Morrisons could be poised to dominate its first Scottish market by combining the opening of its first store north of the border with the acquisition of Safeway.
CACI’s analysis reveals that Morrisons’ Kilmarnock store will give the Bradford-based chain a 26% share of the store’s catchment, edging it ahead of Asda, which would hold a 21% local share.
When Morrisons acquires the many Safeway stores clustered in this western pocket of Scotland, then this local share could rise as high as 38%, giving it local dominance over Tesco, which would only serve 32% of the store’s catchment.
The large catchment of the Morrisons store reflects the size of the store, at 85,000 sq ft one of the company’s largest.
However, the store draws most strongly from the north of the catchment because of the light competition on this side of the town.
While a predicted turnover in the top 25% of the estate must be an encouragement to Morrisons, it is likely to need to work hard to drive sales from this large store.
CACI is predicting that the Kilmarnock store is likely to witness one of the lowest sales densities in the Morrisons estate, making this an expensive entry into the Scottish market.
Morrisons will be fighting for market share against just two of its usual key rivals in Kilmarnock. Sainsbury has no stores in the area from which to steal. However, the strong local presence of four Tesco stores and two Asda stores means that Morrisons must steal most of its new customers from the two leading retailers.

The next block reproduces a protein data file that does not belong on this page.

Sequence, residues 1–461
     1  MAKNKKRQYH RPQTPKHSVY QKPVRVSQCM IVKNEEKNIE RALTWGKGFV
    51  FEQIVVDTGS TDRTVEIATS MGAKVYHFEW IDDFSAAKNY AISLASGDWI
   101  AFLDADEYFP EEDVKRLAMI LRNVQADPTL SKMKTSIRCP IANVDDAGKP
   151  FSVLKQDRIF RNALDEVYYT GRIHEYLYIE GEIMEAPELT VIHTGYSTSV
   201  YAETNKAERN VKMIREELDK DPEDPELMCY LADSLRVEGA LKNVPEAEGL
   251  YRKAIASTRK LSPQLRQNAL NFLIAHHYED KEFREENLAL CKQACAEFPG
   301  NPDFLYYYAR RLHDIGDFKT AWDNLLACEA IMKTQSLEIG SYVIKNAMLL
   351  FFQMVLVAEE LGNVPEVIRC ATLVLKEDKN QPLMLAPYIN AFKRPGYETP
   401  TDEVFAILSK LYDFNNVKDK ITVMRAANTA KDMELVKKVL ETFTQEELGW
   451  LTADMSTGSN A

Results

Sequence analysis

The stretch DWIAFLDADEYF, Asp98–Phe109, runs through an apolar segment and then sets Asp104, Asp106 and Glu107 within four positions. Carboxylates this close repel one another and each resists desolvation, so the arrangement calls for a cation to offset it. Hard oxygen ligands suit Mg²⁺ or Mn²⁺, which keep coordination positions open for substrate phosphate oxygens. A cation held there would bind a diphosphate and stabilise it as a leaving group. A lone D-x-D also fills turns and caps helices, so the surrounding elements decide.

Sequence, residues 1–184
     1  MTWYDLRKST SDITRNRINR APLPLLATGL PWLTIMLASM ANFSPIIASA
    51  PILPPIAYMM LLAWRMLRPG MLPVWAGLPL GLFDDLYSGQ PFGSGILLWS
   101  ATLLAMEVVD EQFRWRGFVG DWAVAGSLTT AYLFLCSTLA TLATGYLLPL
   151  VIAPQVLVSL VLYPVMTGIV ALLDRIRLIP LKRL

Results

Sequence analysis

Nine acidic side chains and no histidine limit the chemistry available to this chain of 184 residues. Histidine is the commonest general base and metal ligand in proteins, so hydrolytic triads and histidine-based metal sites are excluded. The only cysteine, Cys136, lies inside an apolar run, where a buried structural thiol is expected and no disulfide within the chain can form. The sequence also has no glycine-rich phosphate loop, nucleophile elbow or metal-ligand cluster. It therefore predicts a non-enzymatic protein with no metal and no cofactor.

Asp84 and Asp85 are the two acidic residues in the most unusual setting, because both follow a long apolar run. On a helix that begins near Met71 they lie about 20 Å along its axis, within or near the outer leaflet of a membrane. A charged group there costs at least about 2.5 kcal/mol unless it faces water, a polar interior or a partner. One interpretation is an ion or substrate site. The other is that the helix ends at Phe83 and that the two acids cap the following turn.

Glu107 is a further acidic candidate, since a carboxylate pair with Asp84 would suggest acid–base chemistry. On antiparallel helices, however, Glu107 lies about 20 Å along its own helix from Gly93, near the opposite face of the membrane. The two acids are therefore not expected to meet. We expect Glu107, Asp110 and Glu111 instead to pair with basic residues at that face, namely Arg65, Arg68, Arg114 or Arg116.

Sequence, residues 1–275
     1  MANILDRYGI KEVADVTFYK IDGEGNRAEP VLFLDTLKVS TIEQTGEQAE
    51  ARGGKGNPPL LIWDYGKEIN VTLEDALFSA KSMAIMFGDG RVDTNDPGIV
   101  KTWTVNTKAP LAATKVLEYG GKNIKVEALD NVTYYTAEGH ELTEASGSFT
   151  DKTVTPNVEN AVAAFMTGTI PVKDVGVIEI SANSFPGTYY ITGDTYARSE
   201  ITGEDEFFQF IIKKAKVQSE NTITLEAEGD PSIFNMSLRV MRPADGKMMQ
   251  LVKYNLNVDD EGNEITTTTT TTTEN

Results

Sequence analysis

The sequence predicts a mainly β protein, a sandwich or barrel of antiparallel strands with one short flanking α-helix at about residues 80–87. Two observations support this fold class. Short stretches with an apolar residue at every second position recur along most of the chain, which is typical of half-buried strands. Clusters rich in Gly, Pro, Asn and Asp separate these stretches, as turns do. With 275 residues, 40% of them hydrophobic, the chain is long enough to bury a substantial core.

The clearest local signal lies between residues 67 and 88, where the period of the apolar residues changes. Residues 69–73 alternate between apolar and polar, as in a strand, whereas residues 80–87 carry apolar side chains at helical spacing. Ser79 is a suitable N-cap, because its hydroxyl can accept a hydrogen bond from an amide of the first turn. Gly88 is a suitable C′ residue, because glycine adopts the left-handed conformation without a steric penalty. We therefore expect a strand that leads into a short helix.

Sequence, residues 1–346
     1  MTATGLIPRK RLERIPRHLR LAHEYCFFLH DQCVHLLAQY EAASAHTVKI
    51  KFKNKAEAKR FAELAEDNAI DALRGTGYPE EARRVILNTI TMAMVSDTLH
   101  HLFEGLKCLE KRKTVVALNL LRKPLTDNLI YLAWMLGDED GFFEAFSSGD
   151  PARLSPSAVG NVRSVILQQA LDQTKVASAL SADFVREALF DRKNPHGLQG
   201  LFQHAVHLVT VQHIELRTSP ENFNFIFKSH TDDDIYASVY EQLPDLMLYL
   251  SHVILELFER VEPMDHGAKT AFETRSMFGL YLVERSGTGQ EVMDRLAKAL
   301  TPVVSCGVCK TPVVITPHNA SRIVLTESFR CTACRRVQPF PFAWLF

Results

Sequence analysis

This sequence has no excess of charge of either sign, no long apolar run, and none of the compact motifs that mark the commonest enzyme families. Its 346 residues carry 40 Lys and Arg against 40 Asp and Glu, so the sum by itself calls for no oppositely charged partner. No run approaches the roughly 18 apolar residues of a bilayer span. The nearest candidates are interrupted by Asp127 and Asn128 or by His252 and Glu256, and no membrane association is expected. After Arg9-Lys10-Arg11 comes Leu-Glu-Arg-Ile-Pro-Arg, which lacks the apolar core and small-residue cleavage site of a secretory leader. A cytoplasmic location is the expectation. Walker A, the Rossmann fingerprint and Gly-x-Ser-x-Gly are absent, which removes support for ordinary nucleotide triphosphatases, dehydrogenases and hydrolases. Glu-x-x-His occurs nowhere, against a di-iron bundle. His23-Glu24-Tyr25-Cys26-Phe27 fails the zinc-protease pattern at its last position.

When Morrisons does secure Safeway, it is also likely to have to write-off a further £86,000 in lost sales because of cannibalisation from its new purpose-built store.
Considering that Morrisons has not ventured into Scotland before, its fascia has a remarkably strong fit with the Kilmarnock catchment.
Therefore, in spite of Morrisons’ known cynicism towards demographics, it appears to have chosen a site well and this store may perform above CACI’s base prediction. Morrisons is likely to be able to capitalise on its strong showing with the catchment’s dominant ACORN groups, the seemingly conflicting ‘Struggling families’ and ‘Secure families’.
However, Asda also performs well among these groups and overall has a fractionally better fit to the catchment.
Asda will, therefore, put up a good fight in an attempt to hold onto its customers.
However, Tesco has a much poorer demographic fit to the catchment, particularly among the ‘Struggling families’ and, therefore, may offer an easier target to steal customers from in order to help make these first steps into Scotland by Morrisons a success.